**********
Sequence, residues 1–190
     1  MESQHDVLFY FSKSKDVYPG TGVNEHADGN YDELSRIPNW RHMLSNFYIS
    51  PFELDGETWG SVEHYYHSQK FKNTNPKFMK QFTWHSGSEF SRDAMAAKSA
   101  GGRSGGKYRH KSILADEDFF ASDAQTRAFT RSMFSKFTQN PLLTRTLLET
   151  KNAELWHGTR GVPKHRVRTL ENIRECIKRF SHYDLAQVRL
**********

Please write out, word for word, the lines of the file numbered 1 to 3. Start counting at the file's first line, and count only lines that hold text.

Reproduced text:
Sequence, residues 1–190
     1  MESQHDVLFY FSKSKDVYPG TGVNEHADGN YDELSRIPNW RHMLSNFYIS
    51  PFELDGETWG SVEHYYHSQK FKNTNPKFMK QFTWHSGSEF SRDAMAAKSA